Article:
An interesting topic for discussion on Father’s Day is ‘the origin of your family name’. Perhaps you could do some research beforehand and then reveal your findings as you give your father a copy of the meaning of his surname, along with a picture of his family Coat of Arms or smaller crest (symbol), and if possible, your family motto.

If you can’t trace your father’s Coat of Arms, create one yourself. Think about your family values (e.g. justice is a scale), and interests like music, reading, animals, etc. and include these symbols along with leaves and wings and meaningful colours, for example gold represents generosity. Don’t forget to write your family name at the top or bottom. Also, if you can’t track down your family motto, then you can create your own. ‘Work hard, play hard, and help another every day’, ‘Travel beyond the horizon’, ‘Untied rearranged – United!’

When investigating the history of your surname, you may find yourself hitting many roadblocks because your family name could have changed several times over the centuries due to shifting country boundaries, conflict, and other influences, especially in Europe, however you can often get free basic information from ancestry.com, houseofnames.com, forebears.io, selectsurnames.com, etc.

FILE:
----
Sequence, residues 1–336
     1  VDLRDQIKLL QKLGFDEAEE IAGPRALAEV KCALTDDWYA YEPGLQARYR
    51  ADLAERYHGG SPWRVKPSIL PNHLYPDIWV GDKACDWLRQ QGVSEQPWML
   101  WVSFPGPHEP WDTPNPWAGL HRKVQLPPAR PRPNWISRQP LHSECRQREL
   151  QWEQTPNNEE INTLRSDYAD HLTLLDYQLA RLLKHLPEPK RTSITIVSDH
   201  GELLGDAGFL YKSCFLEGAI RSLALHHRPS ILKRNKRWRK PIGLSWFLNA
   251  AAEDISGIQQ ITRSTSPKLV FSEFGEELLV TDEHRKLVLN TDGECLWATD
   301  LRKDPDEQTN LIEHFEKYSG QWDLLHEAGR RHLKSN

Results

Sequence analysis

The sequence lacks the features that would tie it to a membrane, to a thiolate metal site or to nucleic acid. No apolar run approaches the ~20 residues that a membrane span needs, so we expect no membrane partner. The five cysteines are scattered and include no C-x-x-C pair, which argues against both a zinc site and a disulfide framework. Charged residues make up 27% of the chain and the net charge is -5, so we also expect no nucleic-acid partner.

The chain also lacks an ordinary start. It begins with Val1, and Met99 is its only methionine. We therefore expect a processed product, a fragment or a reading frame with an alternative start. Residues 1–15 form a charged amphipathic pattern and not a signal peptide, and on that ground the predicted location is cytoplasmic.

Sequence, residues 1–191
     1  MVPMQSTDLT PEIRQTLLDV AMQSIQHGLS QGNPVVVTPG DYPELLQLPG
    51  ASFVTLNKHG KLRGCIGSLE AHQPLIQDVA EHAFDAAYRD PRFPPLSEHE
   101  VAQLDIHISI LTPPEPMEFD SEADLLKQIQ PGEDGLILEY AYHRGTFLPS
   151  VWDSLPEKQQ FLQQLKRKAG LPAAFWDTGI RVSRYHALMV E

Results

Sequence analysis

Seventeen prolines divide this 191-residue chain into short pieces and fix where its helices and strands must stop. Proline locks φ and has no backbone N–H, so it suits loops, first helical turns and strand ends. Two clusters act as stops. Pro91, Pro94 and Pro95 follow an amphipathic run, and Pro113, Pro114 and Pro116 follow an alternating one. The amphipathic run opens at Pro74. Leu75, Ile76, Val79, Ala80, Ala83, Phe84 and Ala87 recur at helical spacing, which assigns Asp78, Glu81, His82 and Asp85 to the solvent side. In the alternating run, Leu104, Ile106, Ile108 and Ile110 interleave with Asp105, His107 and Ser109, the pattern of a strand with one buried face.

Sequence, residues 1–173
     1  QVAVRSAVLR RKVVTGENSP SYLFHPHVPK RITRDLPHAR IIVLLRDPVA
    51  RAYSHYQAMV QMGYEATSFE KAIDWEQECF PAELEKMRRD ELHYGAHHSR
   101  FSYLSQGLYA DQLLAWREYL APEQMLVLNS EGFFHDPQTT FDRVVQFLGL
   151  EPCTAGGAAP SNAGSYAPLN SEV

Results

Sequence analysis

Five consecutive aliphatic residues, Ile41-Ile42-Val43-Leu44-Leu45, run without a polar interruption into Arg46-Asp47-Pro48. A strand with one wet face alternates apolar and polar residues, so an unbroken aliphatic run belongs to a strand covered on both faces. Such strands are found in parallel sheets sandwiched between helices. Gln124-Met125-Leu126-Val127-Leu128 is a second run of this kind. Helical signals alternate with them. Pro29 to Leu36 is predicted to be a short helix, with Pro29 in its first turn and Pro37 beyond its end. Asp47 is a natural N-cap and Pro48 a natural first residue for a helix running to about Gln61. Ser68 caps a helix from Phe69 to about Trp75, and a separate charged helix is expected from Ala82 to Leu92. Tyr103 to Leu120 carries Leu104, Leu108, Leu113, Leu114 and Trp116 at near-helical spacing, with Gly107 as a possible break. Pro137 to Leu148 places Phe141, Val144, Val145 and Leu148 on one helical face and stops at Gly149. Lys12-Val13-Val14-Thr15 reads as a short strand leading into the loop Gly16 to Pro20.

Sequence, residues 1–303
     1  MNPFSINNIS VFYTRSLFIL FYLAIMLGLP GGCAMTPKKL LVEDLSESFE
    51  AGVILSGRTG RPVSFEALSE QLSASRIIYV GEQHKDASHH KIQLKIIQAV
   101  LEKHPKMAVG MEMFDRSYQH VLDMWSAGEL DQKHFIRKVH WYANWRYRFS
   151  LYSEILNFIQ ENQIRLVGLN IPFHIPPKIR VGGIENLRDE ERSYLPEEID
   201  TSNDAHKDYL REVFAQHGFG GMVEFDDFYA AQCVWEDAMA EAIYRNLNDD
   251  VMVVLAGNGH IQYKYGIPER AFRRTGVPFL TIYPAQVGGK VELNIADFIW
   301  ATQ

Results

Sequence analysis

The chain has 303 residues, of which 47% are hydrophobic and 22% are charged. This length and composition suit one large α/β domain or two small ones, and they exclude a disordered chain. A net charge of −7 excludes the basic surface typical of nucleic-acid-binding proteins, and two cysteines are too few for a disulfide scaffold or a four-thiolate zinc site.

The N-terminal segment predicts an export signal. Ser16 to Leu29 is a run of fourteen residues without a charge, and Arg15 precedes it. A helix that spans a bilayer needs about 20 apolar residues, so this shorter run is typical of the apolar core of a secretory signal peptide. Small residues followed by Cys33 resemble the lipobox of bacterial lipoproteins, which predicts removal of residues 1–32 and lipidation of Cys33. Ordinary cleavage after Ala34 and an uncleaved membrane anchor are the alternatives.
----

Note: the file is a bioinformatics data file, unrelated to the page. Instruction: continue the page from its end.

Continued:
Alphabets also vary from country to country, and this can affect the spelling of names. In days gone by some names may have been spelled phonetically on forms and perhaps an immigrant signed with an “X” which does not necessarily mean they were illiterate.

When communities were still small, people were called simple names like Fox, Wildgoose, Smalldove, etc. What do you think your, or your father’s name might have been if you have lived back during those times? Toogood perhaps?

When standardized spelling arrived in later centuries names became more creative, reflecting landscapes and trades, among many other identifiable themes. Smalldove might instead now be known as Mary of the Wood and Toogood - John the Butcher. As villages and towns grew and more than one John appeared, they had to find ways of differentiating the two. This gave rise to names like John, son of Robert, which eventually evolved into John Robertson and so on.

Have fun tracing the origin of your family name. This information will add a fascinating layer to your family history and your father will love the gift of an enjoyable and priceless keepsake this Father’s Day.

Signed: Lesley of the Newmarket